Pool Safety Tips Every Family Should Know

Pool Safety Tips Every Family Should Know

Familiarize yourself with these pool safety tips for families this summer.

By Maria Mora

Summer weather is in full swing, with many areas of the U.S. experiencing record temperatures. For many families, that means it's time to hit the neighborhood or backyard pool. Sadly, about 10 people die of accidental drowning every day. Make your summer a safe summer. Keep these important safety tips in mind when your family enjoys the pool.

Familiarize yourself with basic first aid
In an emergency, every second counts. Make sure a phone is available near the pool. Keep a family first aid kit somewhere easily accessible from the pool area. The U.S. Swim School Association (USSSA), consisting of over 400 instructors, recommends that parents create a water safety plan and have water emergency drills with kids. Everyone in the family should learn to recognize the signs of someone struggling in the water. All adults and teens in the home should consider taking CPR classes.

Make sure one adult is always watching the kids
Someone can drown in seconds. At a large gathering, adults may socialize and expect others to keep an eye on swimming kids. Make sure one adult is designated as the person watching the pool. Consider using a necklace or hat to identify the adult on duty. The USSSA also recommends that parents teach kids never to enter the water without verbal permission. This helps make sure that an adult is ready to supervise.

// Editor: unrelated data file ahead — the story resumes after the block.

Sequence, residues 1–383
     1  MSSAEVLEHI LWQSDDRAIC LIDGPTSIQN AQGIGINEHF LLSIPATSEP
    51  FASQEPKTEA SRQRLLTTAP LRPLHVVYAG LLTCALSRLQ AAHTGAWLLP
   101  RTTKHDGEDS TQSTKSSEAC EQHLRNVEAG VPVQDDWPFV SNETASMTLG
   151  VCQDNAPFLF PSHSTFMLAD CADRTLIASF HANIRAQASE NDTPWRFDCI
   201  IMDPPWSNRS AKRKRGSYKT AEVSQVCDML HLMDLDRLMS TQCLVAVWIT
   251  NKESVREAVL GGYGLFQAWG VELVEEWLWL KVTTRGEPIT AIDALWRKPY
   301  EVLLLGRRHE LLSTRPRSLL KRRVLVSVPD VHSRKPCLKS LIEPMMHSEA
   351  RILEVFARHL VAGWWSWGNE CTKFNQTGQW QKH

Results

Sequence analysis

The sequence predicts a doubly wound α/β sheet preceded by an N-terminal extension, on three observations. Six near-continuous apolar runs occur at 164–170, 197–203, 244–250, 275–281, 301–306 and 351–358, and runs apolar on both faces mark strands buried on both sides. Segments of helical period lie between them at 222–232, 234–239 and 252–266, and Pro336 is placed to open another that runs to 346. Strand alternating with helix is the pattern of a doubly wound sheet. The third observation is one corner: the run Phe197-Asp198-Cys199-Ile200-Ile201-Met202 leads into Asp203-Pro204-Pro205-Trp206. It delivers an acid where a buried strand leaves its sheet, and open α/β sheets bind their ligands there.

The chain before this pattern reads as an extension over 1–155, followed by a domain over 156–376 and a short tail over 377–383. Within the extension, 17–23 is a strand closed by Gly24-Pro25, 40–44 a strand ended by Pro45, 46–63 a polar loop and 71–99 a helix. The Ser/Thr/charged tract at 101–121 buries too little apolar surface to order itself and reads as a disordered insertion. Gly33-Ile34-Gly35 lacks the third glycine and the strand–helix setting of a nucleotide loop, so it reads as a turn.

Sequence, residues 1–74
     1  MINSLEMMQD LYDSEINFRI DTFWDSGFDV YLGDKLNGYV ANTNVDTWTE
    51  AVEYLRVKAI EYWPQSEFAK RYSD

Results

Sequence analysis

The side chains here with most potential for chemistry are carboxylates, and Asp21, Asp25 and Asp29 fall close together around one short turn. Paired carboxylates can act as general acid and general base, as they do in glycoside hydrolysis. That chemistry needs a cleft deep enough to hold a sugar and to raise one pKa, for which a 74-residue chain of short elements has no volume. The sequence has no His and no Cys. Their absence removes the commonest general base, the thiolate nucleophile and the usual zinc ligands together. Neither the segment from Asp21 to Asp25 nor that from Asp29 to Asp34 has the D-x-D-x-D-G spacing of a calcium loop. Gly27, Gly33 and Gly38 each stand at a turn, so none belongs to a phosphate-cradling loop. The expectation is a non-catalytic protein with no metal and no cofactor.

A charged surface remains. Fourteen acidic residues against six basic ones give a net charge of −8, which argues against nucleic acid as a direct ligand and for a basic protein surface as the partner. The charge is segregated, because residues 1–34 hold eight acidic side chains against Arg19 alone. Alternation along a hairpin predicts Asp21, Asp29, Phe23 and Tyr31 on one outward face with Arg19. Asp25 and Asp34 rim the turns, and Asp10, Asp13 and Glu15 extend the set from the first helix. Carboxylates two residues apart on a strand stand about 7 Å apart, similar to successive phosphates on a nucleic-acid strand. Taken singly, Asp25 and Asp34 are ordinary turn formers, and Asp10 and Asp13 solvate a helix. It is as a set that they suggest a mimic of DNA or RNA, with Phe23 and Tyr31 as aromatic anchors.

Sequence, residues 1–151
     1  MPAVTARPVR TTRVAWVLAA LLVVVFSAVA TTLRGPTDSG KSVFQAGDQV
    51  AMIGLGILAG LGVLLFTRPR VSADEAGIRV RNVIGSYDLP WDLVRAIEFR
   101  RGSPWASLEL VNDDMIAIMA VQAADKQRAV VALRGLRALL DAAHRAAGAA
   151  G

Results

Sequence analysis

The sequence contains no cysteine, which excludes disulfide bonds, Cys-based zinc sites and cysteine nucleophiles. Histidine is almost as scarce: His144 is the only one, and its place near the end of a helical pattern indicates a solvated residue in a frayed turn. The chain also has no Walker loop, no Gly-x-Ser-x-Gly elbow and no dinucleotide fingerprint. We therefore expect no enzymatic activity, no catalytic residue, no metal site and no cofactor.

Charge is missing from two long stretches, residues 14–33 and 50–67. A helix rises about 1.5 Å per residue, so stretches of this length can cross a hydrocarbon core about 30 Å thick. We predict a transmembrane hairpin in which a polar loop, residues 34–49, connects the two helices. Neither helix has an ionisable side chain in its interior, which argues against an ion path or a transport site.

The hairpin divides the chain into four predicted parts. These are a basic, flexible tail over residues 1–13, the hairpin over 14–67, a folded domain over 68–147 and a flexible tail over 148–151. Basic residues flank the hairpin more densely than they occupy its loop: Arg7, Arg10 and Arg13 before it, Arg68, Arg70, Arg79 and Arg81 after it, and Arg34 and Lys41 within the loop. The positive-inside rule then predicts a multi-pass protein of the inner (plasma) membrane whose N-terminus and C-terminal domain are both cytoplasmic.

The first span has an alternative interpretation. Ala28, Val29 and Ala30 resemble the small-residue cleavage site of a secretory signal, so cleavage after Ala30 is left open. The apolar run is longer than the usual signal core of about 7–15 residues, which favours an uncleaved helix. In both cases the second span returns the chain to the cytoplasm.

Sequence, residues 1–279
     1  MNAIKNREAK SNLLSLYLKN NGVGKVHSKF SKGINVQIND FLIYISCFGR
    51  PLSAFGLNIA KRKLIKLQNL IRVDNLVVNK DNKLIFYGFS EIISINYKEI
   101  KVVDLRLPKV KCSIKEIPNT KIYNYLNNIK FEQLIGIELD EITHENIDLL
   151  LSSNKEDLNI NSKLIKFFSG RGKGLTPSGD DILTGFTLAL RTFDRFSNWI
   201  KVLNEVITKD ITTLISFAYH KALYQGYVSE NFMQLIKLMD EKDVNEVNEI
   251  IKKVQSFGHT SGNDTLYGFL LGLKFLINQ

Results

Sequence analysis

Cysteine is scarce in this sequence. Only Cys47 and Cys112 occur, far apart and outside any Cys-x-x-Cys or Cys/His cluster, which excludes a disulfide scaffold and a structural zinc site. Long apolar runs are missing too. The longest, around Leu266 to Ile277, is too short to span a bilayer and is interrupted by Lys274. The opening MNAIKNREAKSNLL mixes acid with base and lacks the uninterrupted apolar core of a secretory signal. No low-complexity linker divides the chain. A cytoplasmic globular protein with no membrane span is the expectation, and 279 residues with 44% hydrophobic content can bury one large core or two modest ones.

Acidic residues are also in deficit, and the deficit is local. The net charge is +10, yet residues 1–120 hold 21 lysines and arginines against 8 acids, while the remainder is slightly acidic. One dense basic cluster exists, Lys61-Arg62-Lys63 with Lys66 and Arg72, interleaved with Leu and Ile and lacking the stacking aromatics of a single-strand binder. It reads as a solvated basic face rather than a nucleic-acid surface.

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Use a pool alarm and pool fence at home
A surface alarm alerts adults to unauthorized pool entry. If a child falls in or enters the pool without being supervised, the alarm will sound. This doesn't replace the security of a pool fence and supervision, but it's an added and important measure of security when you own a pool at home. Home pools should be surrounded with a safety fence that has a self-locking gate that can’t be easily left ajar.

Enroll children and infants in swim lessons
Swim lessons don't eliminate the need for close supervision, but they're an excellent way to promote water safety throughout the family. Even young infants can benefit from water safety classes with a parent. Ask your local community pool about safety-focused classes. The USSSA recommends starting classes when infants are 6 months old.


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Discourage roughhousing in the pool
Kids can get wild in the water, but it's important to teach and model safe behavior. Never jump off of a chair or other raised platform into the pool. Don't allow kids to wrestle or drag each other under water. Avoid placing toys that aren't specifically pool toys in the water. Swim instructors with the USSSA advise against using floatation devices to teach non-swimmers how to float or swim.

When did you begin swim lessons with your kids?

Maria Mora is communications director at Big Sea Design and Development in St. Petersburg, Florida. She lives with her two sons and their rescue terriers.

Image ©iStock.com/PeopleImages

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